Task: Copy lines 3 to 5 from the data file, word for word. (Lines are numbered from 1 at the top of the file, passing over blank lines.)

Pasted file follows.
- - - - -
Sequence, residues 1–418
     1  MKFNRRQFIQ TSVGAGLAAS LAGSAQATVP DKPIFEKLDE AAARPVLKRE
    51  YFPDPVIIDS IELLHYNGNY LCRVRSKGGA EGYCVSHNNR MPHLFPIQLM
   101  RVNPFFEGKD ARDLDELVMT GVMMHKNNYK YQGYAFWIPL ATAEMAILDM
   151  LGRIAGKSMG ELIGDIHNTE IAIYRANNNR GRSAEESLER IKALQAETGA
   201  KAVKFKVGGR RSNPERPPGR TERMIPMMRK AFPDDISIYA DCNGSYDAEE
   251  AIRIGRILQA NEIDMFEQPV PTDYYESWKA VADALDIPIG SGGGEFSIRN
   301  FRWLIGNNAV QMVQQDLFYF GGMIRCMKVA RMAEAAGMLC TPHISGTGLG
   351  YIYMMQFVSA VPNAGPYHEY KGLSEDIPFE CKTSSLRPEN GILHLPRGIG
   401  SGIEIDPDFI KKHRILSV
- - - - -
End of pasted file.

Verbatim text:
    51  YFPDPVIIDS IELLHYNGNY LCRVRSKGGA EGYCVSHNNR MPHLFPIQLM
   101  RVNPFFEGKD ARDLDELVMT GVMMHKNNYK YQGYAFWIPL ATAEMAILDM
   151  LGRIAGKSMG ELIGDIHNTE IAIYRANNNR GRSAEESLER IKALQAETGA